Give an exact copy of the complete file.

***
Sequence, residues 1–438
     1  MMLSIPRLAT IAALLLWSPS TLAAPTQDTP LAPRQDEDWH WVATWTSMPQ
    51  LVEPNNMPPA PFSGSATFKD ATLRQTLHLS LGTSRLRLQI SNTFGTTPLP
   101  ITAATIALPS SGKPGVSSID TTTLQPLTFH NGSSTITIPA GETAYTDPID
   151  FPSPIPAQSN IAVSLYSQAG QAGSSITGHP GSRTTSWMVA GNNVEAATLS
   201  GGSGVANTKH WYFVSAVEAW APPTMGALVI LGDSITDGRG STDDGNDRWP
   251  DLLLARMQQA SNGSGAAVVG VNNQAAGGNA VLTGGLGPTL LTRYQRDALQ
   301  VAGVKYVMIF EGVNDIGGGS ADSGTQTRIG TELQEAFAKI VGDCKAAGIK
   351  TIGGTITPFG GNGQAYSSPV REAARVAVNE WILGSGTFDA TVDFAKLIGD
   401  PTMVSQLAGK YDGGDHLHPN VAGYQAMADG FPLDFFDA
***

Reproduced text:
Sequence, residues 1–438
     1  MMLSIPRLAT IAALLLWSPS TLAAPTQDTP LAPRQDEDWH WVATWTSMPQ
    51  LVEPNNMPPA PFSGSATFKD ATLRQTLHLS LGTSRLRLQI SNTFGTTPLP
   101  ITAATIALPS SGKPGVSSID TTTLQPLTFH NGSSTITIPA GETAYTDPID
   151  FPSPIPAQSN IAVSLYSQAG QAGSSITGHP GSRTTSWMVA GNNVEAATLS
   201  GGSGVANTKH WYFVSAVEAW APPTMGALVI LGDSITDGRG STDDGNDRWP
   251  DLLLARMQQA SNGSGAAVVG VNNQAAGGNA VLTGGLGPTL LTRYQRDALQ
   301  VAGVKYVMIF EGVNDIGGGS ADSGTQTRIG TELQEAFAKI VGDCKAAGIK
   351  TIGGTITPFG GNGQAYSSPV REAARVAVNE WILGSGTFDA TVDFAKLIGD
   401  PTMVSQLAGK YDGGDHLHPN VAGYQAMADG FPLDFFDA